Briefings for staff of Met Éireann on how to communicate climate change to the public

Guidance for Met Éireann forecasters on how to inform people about the impact of the climate crisis detailed a “run of very wet months” and how rainfall in both February and March was almost fifty percent more than expected.

An advisory for staff said that record high sea surface temperatures over the Atlantic had lasted for over a year and were making the atmosphere both “warmer but also moister”.

It said this was linked to increases in extreme weather events such as storms and intense rainfall.

The guidance described how 2023 had been the third wettest year on record with 20 percent more rain compared to the long-term average in the period between 1981 and 2010.

This had only continued into the New Year with rainfall levels in February 49 percent above average and in March 46 percent over what was considered the norm.

Met Éireann staff were told that a “southerly displaced jet stream”, which the country had seen multiple times since last summer, brought low pressure systems to Ireland and more rainfall especially in the South and the East.

“Ireland is now warmer, and wetter compared to previous decades and years,” said the guidance document.

It explained how a warmer atmosphere carried more moisture, around 7 percent for each degree of warming, which would inevitably lead to a greater intensity of “heavy rainfall events”.

The document also said the growing season for crops and plants was increasing because of the warming climate.

Met Éireann data showed the growing season over the decades now lasted on average fourteen days more in Belmullet, County Mayo, and an extra sixteen days at both the Valentia Observatory in Co Kerry and the Phoenix Park in Dublin.

Another briefing on the number of storms that were hitting Irish shores said that since the practice of “storm naming” had begun, there were an average of eight named storms in each season.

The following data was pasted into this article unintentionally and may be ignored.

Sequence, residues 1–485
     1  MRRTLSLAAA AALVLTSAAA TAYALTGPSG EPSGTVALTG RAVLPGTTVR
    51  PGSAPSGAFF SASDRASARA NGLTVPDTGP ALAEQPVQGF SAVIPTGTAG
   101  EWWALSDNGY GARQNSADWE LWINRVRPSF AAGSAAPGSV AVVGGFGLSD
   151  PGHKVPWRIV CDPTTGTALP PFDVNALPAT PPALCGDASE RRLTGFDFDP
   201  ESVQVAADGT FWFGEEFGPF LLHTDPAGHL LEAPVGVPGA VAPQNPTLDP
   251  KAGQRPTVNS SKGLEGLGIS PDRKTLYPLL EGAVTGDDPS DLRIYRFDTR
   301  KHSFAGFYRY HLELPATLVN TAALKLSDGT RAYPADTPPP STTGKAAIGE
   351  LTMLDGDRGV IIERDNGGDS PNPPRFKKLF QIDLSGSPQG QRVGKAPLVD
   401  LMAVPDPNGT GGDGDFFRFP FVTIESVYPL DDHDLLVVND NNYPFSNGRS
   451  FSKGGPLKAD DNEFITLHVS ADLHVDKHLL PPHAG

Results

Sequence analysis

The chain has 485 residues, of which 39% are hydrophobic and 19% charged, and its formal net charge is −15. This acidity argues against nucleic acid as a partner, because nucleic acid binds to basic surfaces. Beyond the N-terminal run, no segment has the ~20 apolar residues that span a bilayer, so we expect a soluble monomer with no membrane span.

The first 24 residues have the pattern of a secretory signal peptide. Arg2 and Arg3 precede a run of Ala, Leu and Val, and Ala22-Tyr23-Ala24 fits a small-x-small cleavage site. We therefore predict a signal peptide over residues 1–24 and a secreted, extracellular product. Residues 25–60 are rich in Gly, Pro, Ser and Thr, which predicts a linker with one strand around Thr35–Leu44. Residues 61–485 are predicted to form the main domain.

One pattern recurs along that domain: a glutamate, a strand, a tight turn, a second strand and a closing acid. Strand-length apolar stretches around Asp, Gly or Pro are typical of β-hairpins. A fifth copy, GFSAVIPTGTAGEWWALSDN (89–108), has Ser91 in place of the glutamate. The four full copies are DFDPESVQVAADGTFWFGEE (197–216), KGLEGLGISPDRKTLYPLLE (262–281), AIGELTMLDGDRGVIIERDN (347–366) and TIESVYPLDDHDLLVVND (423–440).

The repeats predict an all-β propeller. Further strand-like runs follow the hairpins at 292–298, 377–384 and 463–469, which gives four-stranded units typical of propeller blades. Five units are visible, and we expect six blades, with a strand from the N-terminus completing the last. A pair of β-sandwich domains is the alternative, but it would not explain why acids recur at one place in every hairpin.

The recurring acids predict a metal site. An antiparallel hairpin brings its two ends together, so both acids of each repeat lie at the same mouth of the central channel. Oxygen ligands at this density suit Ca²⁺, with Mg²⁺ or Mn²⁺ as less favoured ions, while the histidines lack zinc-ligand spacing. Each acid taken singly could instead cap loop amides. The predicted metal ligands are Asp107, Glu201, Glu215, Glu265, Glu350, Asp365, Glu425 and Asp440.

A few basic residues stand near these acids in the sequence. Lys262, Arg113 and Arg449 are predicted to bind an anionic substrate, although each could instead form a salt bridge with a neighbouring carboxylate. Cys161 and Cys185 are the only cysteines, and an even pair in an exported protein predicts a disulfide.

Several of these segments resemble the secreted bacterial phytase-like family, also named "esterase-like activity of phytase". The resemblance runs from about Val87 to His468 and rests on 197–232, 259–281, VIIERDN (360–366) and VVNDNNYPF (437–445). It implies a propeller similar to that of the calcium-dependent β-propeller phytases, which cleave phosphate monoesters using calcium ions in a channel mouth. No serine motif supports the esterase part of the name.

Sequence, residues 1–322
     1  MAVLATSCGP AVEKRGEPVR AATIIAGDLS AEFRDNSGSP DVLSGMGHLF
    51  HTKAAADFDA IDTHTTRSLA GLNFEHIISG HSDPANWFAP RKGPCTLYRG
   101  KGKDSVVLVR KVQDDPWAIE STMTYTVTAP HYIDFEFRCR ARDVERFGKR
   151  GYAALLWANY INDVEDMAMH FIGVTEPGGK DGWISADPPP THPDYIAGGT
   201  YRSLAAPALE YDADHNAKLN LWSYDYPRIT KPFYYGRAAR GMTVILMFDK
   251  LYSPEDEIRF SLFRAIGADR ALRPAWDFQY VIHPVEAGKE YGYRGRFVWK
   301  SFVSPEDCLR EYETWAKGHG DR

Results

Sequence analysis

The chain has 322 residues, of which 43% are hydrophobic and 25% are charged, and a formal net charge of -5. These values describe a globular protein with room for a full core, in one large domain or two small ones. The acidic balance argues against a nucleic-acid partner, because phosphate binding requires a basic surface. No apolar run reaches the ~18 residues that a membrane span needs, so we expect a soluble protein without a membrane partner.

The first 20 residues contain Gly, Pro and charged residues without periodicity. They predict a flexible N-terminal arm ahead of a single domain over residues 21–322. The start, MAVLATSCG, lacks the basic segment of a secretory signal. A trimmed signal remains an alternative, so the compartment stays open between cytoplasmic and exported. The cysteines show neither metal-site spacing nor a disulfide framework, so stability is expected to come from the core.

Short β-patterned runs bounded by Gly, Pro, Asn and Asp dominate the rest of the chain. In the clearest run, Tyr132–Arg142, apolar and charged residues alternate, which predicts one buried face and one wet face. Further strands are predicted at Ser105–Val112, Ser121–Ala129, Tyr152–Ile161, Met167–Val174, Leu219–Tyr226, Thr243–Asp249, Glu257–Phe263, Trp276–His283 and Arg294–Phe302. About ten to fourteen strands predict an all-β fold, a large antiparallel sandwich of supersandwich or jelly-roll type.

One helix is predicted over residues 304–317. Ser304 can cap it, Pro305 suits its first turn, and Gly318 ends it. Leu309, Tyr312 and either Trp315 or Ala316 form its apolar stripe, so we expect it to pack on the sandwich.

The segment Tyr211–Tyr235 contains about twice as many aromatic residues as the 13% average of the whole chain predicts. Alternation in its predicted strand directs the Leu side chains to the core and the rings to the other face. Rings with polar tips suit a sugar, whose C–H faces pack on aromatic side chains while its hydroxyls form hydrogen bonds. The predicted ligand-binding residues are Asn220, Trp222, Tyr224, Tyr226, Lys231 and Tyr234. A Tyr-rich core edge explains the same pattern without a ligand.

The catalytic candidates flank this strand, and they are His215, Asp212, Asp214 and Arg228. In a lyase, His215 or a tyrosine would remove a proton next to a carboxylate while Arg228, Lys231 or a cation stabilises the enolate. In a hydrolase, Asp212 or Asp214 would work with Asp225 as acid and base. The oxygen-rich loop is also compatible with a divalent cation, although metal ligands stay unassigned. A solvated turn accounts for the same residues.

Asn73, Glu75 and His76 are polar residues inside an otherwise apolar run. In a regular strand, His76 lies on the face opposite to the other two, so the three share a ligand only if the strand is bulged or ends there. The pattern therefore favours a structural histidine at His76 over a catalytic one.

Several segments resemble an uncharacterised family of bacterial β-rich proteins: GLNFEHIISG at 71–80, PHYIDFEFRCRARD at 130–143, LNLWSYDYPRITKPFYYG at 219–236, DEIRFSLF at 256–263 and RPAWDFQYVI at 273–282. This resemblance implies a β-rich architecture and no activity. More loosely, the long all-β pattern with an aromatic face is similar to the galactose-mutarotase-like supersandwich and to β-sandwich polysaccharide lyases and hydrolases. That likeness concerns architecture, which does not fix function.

However, by the time of Storm Kathleen in early April, it was the eleventh of the season although, conversely, there were only four during the storm season between September 2022 and spring of 2023.

The guidance document said that overall, last year had been “the warmest year on record by a large margin, and one of the wettest years on record”.

“It was the warmest year on record at 21 out of 25 [weather] stations (record lengths between 10 and 83 years),” said the briefing.

“Eighteen stations had their highest mean maximum temperature on record and twenty-four stations had their highest mean minimum temperature on record.”

Another document on the context of climate change said it was still unclear exactly how the frequency and intensity of storms hitting Ireland would evolve.

It said: “There is, however, high confidence that maximum rainfall rates will increase as a result of a warmer atmosphere carrying more moisture.”

Rising sea levels were also expected to increase storm surge and coastal flooding risks, according to the records, which were released under FOI.

One update for staff said there was a particular danger from so-called “compound events” where heavy rainfall arrived at the same time as high tides.

In internal discussions, Met Éireann staff also wrote about how the record high temperatures of 2023 had been somewhat unexpected and that this year had been anticipated to be warmer due to the El Nino weather system.

An email from one meteorologist said: “In Ireland, we should be preparing for both warmer summers and winters as this is what the climate projections in [our systems] are showing going forward as mean temperatures globally continue to increase due to human caused climate change.

“This will not necessarily be a linear or steady increase, especially here in Ireland, with our climate being dependent on other factors such as the position on the jet stream and Atlantic SSTs [sea surface temperatures].”

In a statement, a spokesperson for Met Éireann said their role was to monitor, analyse, and predict Ireland’s weather and climate for the public and stakeholders.

They said: “All the climate information, services and content provided by Met Éireann is based on the objective scientific analysis of Ireland’s climate and broader global climate information.

“An important part of our role is to communicate information to all audiences, in terms of current weather and climate and also broader historical and future insights to help inform immediate and longer-term policies and decisions.”

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